“Which bank?” “The Oriental. It’s the only bank in town”

Above: The Oriental Bank, Main Street Mornington, 1875.
By Val Wilson (Mornington and District Historical Society) and Peter McCullough

The conversation above is one that might have been overheard in Main Street, Mornington, circa 1875, when the Oriental Bank established itself in a building on the corner of Main and Albert Streets; it was the town’s first bank.

The Building

Pioneer resident Thomas Allchin constructed the building from bricks made from material extracted from his clay pit on the lower corner of his Sutton Grange Estate. The pit was located in Gordon Street, to the rear of what has become the Mornington Central shopping centre.

Thomas Cogger Allchin.

Allchin leased his impressive building to the Oriental Bank (1) which traded there from 1875 to 1880. It was then taken over by the Colonial Bank (2) which occupied the building until 1894 when it moved to premises on the other side of Main Street.

Over the past 130 years the building has housed a variety of retail premises including Herb Dickinson’s The Point furnishing store in 1923 and then The Point hardware store for many years after that. Today the occupants are an eclectic mix: one can enjoy a Subway at the lower level and then slip upstairs for a Brazilian wax! The building reveals little of its former appearance except for the characteristic splayed corner and rectangular upper level double hung windows.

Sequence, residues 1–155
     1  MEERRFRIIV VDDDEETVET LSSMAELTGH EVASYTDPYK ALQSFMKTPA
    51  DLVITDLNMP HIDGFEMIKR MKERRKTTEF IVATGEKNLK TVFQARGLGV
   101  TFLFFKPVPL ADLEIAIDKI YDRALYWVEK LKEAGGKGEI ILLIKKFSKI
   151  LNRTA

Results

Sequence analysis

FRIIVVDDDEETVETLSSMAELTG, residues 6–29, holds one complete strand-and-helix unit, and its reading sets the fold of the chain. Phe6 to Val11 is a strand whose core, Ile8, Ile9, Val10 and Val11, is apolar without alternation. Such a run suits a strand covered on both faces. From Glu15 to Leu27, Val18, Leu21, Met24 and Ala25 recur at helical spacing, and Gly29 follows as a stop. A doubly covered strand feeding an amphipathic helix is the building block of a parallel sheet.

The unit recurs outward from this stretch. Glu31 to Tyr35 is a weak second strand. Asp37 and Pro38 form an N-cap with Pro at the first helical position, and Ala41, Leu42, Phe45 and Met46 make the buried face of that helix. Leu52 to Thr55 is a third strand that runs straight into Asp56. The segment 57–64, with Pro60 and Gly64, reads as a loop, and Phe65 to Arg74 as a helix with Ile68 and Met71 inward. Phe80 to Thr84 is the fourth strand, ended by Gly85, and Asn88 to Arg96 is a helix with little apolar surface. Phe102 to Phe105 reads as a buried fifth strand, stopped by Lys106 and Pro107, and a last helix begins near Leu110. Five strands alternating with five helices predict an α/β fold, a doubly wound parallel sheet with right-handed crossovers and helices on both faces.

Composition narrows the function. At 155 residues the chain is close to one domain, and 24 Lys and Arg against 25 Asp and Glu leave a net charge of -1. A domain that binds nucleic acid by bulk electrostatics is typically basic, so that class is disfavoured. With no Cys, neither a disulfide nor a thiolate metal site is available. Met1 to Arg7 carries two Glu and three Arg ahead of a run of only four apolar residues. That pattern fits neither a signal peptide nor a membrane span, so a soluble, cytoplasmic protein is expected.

The Builder

One of the most enterprising early settlers of Mornington was Thomas Cogger Allchin who had been born in a little village named Chart Sutton in Kent, England, in 1825. He was a carpenter-builder by trade and had come to Adelaide and then made his way overland to Victoria. He commenced building operations in Schnapper Point, as Mornington was then known, and quickly established himself. He built many of the earliest commercial buildings in the town such as the original Tanti Hotel and the schoolhouse. The oldest house in Frankston, Ballam Park homestead, was built in the Gothic Revival style by Allchin in 1855 for one of the district’s early families, the Liardets. Today it is classified by the National Trust and is the home of the Frankston Historical Society which includes a museum.

The original Tanti Hotel, Mornington.

On business trips to Melbourne Thomas Allchin would frequently break the journey and stay overnight in Frankston with John Carr and his wife. There he met Sarah Jagger, Mrs Carr’s sister, who had emigrated from England in 1855. They married at St. James Old Cathedral, Melbourne, on 2 June, 1857. Like most young ladies of the time, Sarah kept a diary and, post nuptials, she recorded: “We stayed in town until Saturday evening, then came out to Cheltenham, walked to Mordialloc – next morning walked to Carrs’ at Frankston, there being no conveyance.” If Thomas was attempting to introduce a new custom – the walking honeymoon – it did not appear to catch on!

Possibly suffering a degree of exhaustion, Sarah stayed at the Carrs’ for another month or two and eventually arrived at Schnapper Point in style, dressed in her best crinoline and smart bonnet, and with her household and personal effects, behind a team of bullocks provided by Isaac Swift. These same bullocks shortly afterwards ate the linen which Sarah had brought from England and which she had drying on the line.

Ballam Park Homestead, Frankston.